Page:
The Confrontation Strategy


His personality was charismatic, magnetic and inspirational; his tone harsh and aggressive; his language expressive, direct, coarse, earthy and full of insults directed at his political enemies; his sentences short and punchy – and that’s exactly what his audience understood and enjoyed.

So it is no surprise at all that he produced such a powerful impact on his listeners. Especially after his party commenced the large-scale use of party banner designed by Hitler himself – red banner with black swastika in a white circle.

Arguably the most emotionally and spiritually powerful symbol and the most powerful color combination (although selected mostly because these were the colors of Imperial Germany – the Second Reich).

But Adolf Hitler wanted more. Much more. He wanted to influence not hundreds, but thousands. Tens of thousands. Hundreds of thousands. Millions. He wanted himself and his party to be noticed. In Munich, Bavaria and in the whole Weimar Republic. Ideally – in the whole damn world.

And he knew how to make them notice. How to make them pay attention. With scandal. Confrontation. Violence. “Political fireworks”, if you will. Unlike the “mainstream” politicians, he did not care a damn thing about reputation – his or his party’s.

In Mein Kampf, he wrote:

It makes no difference whatever whether they laugh at us or revile us; whether they represent us as clowns or criminals; the main thing is that they mention us, that they concern themselves with us again and again

To be honest, Adolf Hitler was not the first German politician to recognize the value of intimidation of opponents, the importance of the mastery of techniques of disruption, and the vital need for knowledge and skills of how to deal with disturbances caused by your political opponents.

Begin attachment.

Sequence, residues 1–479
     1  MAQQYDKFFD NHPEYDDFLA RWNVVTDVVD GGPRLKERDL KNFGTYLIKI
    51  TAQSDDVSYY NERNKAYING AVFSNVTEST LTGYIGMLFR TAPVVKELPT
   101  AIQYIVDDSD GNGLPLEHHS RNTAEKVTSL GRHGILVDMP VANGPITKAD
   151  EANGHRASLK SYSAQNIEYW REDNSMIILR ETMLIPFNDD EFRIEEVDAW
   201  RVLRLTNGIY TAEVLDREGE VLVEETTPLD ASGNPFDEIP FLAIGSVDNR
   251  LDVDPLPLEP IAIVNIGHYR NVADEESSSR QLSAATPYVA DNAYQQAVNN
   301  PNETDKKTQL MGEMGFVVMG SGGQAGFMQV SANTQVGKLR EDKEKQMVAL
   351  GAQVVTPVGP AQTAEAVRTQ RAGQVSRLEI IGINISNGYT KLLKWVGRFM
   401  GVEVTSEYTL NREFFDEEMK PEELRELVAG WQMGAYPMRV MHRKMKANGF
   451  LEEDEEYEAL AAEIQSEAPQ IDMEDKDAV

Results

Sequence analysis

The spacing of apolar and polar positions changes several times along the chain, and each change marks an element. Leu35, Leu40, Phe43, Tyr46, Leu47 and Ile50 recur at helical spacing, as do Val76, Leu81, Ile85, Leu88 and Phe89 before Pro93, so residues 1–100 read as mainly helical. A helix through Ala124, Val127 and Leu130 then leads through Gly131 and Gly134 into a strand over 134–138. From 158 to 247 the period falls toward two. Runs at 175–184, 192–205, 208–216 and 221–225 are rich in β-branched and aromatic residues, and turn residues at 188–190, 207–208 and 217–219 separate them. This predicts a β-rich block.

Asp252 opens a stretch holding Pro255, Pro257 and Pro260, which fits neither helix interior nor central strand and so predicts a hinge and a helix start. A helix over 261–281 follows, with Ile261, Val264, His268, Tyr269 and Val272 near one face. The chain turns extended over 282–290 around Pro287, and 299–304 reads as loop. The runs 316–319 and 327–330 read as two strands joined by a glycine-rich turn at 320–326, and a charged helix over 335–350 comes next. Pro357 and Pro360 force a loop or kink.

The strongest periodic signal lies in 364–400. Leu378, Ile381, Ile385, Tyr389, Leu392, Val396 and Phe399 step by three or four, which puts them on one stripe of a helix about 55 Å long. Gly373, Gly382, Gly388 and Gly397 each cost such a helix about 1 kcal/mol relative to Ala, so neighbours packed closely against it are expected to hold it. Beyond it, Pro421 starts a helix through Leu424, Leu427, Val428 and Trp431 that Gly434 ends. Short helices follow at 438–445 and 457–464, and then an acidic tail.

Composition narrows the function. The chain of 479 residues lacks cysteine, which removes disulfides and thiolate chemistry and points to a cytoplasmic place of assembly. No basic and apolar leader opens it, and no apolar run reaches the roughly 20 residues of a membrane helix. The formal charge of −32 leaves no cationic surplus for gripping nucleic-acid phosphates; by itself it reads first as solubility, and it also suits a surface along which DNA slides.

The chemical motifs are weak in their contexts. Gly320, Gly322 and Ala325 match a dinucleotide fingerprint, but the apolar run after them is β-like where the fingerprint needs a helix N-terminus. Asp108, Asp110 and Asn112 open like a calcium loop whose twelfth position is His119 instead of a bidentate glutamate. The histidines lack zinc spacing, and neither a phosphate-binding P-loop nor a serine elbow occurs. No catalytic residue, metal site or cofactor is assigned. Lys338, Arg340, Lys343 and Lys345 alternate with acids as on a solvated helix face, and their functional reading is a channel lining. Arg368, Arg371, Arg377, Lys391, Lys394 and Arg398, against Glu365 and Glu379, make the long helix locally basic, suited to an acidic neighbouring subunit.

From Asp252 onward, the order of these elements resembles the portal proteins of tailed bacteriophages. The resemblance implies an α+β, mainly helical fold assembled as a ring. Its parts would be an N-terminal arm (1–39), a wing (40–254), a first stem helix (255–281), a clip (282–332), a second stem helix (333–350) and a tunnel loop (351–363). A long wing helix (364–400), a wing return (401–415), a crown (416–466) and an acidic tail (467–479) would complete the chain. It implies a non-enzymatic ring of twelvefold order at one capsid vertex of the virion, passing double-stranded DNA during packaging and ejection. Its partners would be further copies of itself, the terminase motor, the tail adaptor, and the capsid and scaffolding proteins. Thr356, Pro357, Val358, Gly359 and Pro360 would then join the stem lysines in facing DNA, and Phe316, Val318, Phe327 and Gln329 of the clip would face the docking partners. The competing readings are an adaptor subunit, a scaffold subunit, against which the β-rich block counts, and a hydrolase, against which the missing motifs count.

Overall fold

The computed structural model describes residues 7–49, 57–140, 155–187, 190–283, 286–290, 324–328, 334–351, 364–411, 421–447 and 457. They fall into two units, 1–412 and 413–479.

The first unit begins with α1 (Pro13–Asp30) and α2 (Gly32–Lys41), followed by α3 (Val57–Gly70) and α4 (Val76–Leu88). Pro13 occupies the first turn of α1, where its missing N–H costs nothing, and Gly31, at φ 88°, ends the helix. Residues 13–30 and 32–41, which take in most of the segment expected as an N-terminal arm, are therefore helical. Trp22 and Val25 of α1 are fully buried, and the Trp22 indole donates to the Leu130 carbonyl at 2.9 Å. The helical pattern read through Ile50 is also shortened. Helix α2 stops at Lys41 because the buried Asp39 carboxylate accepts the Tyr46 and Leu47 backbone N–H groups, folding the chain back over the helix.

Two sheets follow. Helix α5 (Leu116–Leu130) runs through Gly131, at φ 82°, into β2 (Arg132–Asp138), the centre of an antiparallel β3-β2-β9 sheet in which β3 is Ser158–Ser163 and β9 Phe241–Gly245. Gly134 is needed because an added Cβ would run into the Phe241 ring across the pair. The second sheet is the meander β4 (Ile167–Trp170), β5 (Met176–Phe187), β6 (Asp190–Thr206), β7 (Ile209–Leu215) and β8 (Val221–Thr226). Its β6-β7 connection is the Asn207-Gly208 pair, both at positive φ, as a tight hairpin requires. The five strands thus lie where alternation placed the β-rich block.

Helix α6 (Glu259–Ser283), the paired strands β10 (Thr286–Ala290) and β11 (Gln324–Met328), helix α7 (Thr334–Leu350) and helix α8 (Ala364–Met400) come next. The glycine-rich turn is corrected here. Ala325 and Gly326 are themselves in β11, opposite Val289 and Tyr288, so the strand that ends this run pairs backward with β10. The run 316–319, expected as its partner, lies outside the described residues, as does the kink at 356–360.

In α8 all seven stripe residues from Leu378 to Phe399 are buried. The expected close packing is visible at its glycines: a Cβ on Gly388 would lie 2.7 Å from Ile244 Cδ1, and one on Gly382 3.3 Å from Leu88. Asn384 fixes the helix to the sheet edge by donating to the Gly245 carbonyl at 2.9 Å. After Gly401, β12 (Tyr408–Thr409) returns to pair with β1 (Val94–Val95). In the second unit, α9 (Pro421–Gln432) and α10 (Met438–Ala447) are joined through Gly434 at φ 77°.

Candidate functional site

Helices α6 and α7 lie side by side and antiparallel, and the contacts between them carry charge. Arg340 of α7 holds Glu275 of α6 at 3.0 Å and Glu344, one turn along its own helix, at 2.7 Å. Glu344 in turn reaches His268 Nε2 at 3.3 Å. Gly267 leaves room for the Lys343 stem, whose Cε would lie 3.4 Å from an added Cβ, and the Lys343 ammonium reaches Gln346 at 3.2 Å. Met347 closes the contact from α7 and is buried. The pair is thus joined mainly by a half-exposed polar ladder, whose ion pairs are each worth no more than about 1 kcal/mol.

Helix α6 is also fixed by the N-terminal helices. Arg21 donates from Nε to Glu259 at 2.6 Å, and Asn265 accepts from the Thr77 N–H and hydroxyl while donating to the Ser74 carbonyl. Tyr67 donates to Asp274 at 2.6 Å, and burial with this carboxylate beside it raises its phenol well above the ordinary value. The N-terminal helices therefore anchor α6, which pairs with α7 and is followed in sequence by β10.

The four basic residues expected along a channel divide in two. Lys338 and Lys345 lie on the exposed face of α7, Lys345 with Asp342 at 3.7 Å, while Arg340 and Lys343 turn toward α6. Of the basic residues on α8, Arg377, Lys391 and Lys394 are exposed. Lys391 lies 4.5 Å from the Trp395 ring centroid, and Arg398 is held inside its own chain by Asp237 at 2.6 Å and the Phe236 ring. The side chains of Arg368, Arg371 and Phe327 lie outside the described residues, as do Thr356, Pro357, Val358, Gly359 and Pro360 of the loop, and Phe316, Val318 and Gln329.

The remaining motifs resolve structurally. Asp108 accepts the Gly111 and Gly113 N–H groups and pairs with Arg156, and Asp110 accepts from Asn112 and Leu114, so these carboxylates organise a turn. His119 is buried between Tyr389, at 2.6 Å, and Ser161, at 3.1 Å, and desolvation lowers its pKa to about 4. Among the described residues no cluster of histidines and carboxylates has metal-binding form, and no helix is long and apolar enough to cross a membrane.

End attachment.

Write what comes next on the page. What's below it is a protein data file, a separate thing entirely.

Unlike the dull, lifeless and utterly boring meetings and events of mainstream parties, DAP (and later NSDAP) meetings were anything but peaceful. On the contrary, they were designed from the start to be confrontational. Very confrontational. Noisy. Intense. Violent.

Even the posters that announced the meetings, were printed in vivid red (and carefully distributed) to provoke the Left to attend. The result was that DAP meetings were packed long before the start, and the numbers of their Leftist opponents present (no less violent than the Nazis) guaranteed that the atmosphere was potentially explosive.

To win this confrontation every time, the party needed powerful and efficient security, in other words, a paramilitary organization more powerful than the Rotfrontkämpferbund (“Red Front Fighters League”) – the paramilitary wing of German Communists.

The paramilitary wing of DAP was initially called Saalschutz (“hall protection squad”) and initially consisted of a few Hitler’s old Army comrades. They first saw hall combat on November 13th, 1919 when Communists and Social democrats tried to shut down DAP meeting but were “thrown down the stairs with gashed heads”.

Subsequently, this unit was labeled the ‘Gymnastic and Sports Section’ in August 1921, and finally got the name that made it (in)famous: Sturmabteilung (“Storm Section”), or SA for short.

The strategy worked. The party got noticed. The amount of free PR it (and Adolf Hitler) received from German media was simply astounding.

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